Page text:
5 Solutions: The following are efficient solutions for each level. The level 1 puzzle can be solved in 3 moves as follows: Step 1: Square 1 GETS THE PIECE FROM Square 0 Step 2: Square 0 GETS THE PIECE FROM Square 2 Step 3: Square 2 GETS THE PIECE FROM Square 1 The level 2 puzzle can be solved in 8 moves as follows: Step 1: Square 2 GETS THE PIECE FROM Square 1 Step 2: Square 1 GETS THE PIECE FROM Square 3 Step 3: Square 3 GETS THE PIECE FROM Square 4 Step 4: Square 4 GETS THE PIECE FROM Square 2 Step 5: Square 2 GETS THE PIECE FROM Square 0 Step 6: Square 0 GETS THE PIECE FROM Square 1 Step 7: Square 1 GETS THE PIECE FROM Square 3 Step 8: Square 3 GETS THE PIECE FROM Square 2 The level 3 puzzle can be solved in 15 moves as follows: Step 1: Square 3 GETS THE PIECE FROM Square 2 Step 2: Square 2 GETS THE PIECE FROM Square 4 Step 3: Square 4 GETS THE PIECE FROM Square 5 Step 4: Square 5 GETS THE PIECE FROM Square 3 Step 5: Square 3 GETS THE PIECE FROM Square 1 Step 6: Square 1 GETS THE PIECE FROM Square 0 Step 7: Square 0 GETS THE PIECE FROM Square 2 Step 8: Square 2 GETS THE PIECE FROM Square 4 Step 9: Square 4 GETS THE PIECE FROM Square 6 Step 10: Square 6 GETS THE PIECE FROM Square 5 Step 11: Square 5 GETS THE PIECE FROM Square 3 Step 12: Square 3 GETS THE PIECE FROM Square 1 Step 13: Square 1 GETS THE PIECE FROM Square 2 Step 14: Square 2 GETS THE PIECE FROM Square 4 Step 15: Square 4 GETS THE PIECE FROM Square 3 Computer Science activities with a sense of fun: Swap Puzzle V1.0 (17 February 2014) Created by Paul Curzon, Queen Mary, University of London for Teaching London Computing:

6 Variations and Extensions Online version of the puzzle Instead of doing a paper and pencil exercise, students do the online version of the puzzle ( It records a version of the algorithm for you as you play. This could be done with or without the follow-up role play part. Short version For a shorter lesson don t act out the algorithms just have teams check them on the paper board. Assignment Rather than have students fill out the algorithm recording sheet using the English version of the command have them write the algorithm using a more typical programming notation such as: Set Square1 to Square0 or Square1 := Square0; or Square1 = Square0; Programming the puzzle in Scratch Have the class program their own version of the puzzle in Scratch, using characters of their choice as pieces. In the simple version they have to just give instructions to move the pieces in the right order. A more complicated exercise is to create a Scratch game version of the puzzle, similar to the online program above, that allows a player to try to solve the puzzle themselves. Programming a general solution (advanced) Have more advanced members of the class write a program that can solve the swap puzzle for itself, whatever size board it is presented with. Further Reading The FUNdamentals of Algorithms Computer Science activities with a sense of fun: Swap Puzzle V1.0 (17 February 2014) Created by Paul Curzon, Queen Mary, University of London for Teaching London Computing:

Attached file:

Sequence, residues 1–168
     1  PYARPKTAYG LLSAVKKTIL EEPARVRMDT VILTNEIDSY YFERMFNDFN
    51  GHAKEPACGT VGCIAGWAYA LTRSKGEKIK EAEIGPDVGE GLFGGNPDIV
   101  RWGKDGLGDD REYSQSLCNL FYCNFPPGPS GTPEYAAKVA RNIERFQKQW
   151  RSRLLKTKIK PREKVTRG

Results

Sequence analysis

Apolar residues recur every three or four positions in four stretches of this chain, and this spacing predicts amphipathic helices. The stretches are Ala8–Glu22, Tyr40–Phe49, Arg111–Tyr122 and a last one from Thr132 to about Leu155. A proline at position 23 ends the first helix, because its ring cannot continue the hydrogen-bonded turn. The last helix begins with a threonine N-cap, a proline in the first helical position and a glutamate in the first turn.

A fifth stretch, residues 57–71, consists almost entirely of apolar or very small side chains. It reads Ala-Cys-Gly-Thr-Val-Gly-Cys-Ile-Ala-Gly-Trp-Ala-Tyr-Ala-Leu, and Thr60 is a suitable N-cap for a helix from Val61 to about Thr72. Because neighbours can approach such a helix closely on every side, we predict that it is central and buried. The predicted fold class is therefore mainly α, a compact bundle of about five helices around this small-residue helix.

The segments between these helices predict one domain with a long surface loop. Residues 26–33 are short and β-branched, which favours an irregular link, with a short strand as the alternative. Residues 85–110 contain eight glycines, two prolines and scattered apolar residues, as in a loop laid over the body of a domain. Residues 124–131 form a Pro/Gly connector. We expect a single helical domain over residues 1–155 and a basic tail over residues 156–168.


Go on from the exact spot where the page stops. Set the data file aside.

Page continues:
7 Links to other activities The intelligent piece of paper Take part in a test of intelligence against an intelligent piece of paper! This is a good introduction to what an algorithms is and how a computer program is just an algorithm. It can also be used to start a discussion on what it would mean for a computer to be intelligent. It can lead on to an unplugged programming activity creating winning instructions. The Invisible Palming Trick Teach a trick where the magician invisibly moves a card between 2 piles. This is a fun way to introduce the idea of an algorithm, showing how algorithms are a series of steps that if followed precisely lead to something (in this case magical) being guaranteed to happen even if the person (or computer) following the algorithm doesn t know what they are doing. Live demonstration of this activity Teaching London Computing give live sessions for teachers demonstrating this and our other activities. See for details. Videos of some activities are also available or in preparation. Computer Science activities with a sense of fun: Swap Puzzle V1.0 (17 February 2014) Created by Paul Curzon, Queen Mary, University of London for Teaching London Computing:

8 The Swap Puzzle: Rules Aim The aim of the game is to swap the position of the blue pieces with those of the red pieces so that all the red pieces end up on red squares and all the blue pieces end up on blue squares. You must do it in as few moves as possible. Moves There are two kinds of move: 1) Move a piece to an adjacent empty square (forwards or backwards). 2) Jump a single adjacent piece of any colour into an empty space (forwards or backwards). Starting position Start the game with the red pieces at the blue end and the blue pieces at the red end, one piece per square. The square in the middle should be the only square left empty at the start. Board The game can be played on different sized boards with different number of pieces. The bigger the board the harder the pieces: Level 1 Easy: 1 piece per colour, 3 squared board Level 2 Medium 2 pieces per colour, 5 squared board Level 3 Hard 3 pieces per colour, 7 squared board Start with the easy board and work up through the levels as you solve each.

9 Algorithm Recording Sheet STEP TO COMMAND FROM 1 GETS THE PIECE FROM 2 GETS THE PIECE FROM 3 GETS THE PIECE FROM

10 STEP TO COMMAND FROM

11 Example of how to fill in the algorithm recording sheet STEP TO COMMAND FROM Step 1: Square 1 GETS THE PIECE FROM Square 0 Step 2: Square 0 GETS THE PIECE FROM Square 2 Step 3: Square 2 GETS THE PIECE FROM Square 1

12 Swap Puzzle Pieces

13 Board for Swap Puzzle Level 1 (Easy) Square 0 Square 1 Square 2

14 Board for Swap Puzzle Level 2 (Medium) Square 0 Square 1 Square 2 Square 3 Square 4

15 Board for Swap Puzzle Level 3 (Hard) Square 0 Square 1 Square 2 Square 3 Square 4 Square 5 Square 6

16 Square 0

17 Square 1

18 Square 2

19 Square 3

20 Square 4

21 Square 5

22 Square 6

23 Square 7

24 Square 8

25 Square 9